TW: DC’s Edge Books published a fantastic selection of Doug Lang’s poems called In the Works. That’s at the top of my list. It came out just a few days after he died, but I had shown him a PDF of the whole thing weeks earlier, so he was aware of it. I think (& hope) that his brilliance will be widely recognized as more and more people read his work. Of all of the fiction I’ve read since lockdown, my favorite novel was Niall Williams’s This Is Happiness. Everything about this book—the writing, the story—-was mesmerizingly seductive and wise. I also loved Fintan O’Toole’s personal history of Ireland over the past 60 years or so, We Don’t Know Ourselves (2022). Anyone who has read O’Toole’s dazzling pieces on American politics in the NY Review of Books and elsewhere knows what a masterful and entertaining journalist he is. I’ve been editing the “Pick of the Week” feature on the Best American Poetry site, and that’s introduced me to the work of scores of great poets. Two stand-outs among the books I’ve read for the feature are Olena Kalytiak Davis’s The Poem She Didn’t Write and Other Poems and my old friend Joan Retallack’s Bosch’d. Davis’s linguistic imagination is a wonder to behold, and Joan’s poems are exhilaratingly intelligent. I should also mention an eccentric but compelling book by Irish poet Doireann Ní Ghríofa called A Ghost in the Throat. She calls the book a “female text” in which she tells her own difficult story while simultaneously reporting on her obsessive research into the life of an 18th-century Irish-language poet named Eibhlin Dubh Ní Chonaill. It’s a knock-out, even if you’re not female.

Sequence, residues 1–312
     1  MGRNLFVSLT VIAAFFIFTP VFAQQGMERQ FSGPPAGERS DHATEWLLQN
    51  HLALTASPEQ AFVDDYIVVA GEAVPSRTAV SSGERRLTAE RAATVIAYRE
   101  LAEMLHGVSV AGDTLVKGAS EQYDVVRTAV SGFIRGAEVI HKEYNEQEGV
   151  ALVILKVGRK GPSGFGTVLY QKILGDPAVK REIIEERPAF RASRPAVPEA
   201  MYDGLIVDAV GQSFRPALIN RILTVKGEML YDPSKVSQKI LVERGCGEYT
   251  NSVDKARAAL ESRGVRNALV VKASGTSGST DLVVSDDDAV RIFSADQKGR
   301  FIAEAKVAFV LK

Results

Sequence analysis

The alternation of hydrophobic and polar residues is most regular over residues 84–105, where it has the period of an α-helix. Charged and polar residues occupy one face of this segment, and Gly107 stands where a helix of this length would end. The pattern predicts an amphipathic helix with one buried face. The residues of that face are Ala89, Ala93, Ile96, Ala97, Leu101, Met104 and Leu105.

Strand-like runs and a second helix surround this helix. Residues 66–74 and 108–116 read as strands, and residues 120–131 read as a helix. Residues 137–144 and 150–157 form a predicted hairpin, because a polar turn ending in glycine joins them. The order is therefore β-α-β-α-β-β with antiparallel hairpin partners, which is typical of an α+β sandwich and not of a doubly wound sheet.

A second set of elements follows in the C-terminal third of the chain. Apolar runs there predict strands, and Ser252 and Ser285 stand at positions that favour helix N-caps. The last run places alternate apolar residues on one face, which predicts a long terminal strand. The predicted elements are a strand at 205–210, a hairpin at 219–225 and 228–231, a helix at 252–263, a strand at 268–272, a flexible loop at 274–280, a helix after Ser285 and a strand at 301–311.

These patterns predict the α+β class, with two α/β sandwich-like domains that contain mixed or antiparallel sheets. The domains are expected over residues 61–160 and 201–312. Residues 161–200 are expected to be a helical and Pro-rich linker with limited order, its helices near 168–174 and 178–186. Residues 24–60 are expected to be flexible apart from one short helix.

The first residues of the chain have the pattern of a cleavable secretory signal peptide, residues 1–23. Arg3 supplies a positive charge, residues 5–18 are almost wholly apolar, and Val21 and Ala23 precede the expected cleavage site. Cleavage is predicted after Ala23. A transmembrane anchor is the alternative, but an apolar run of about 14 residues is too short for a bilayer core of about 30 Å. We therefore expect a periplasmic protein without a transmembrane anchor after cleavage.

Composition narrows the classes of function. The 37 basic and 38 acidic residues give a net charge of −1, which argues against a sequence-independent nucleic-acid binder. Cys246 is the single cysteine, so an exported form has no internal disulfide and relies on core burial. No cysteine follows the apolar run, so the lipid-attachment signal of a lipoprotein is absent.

HLP: Yes, you have been curating the “Pick of the Week” for some time now, where you cultivate an ecelectic roster of poets and artists. Can you talk a little bit about your process for featuring poets and their poems?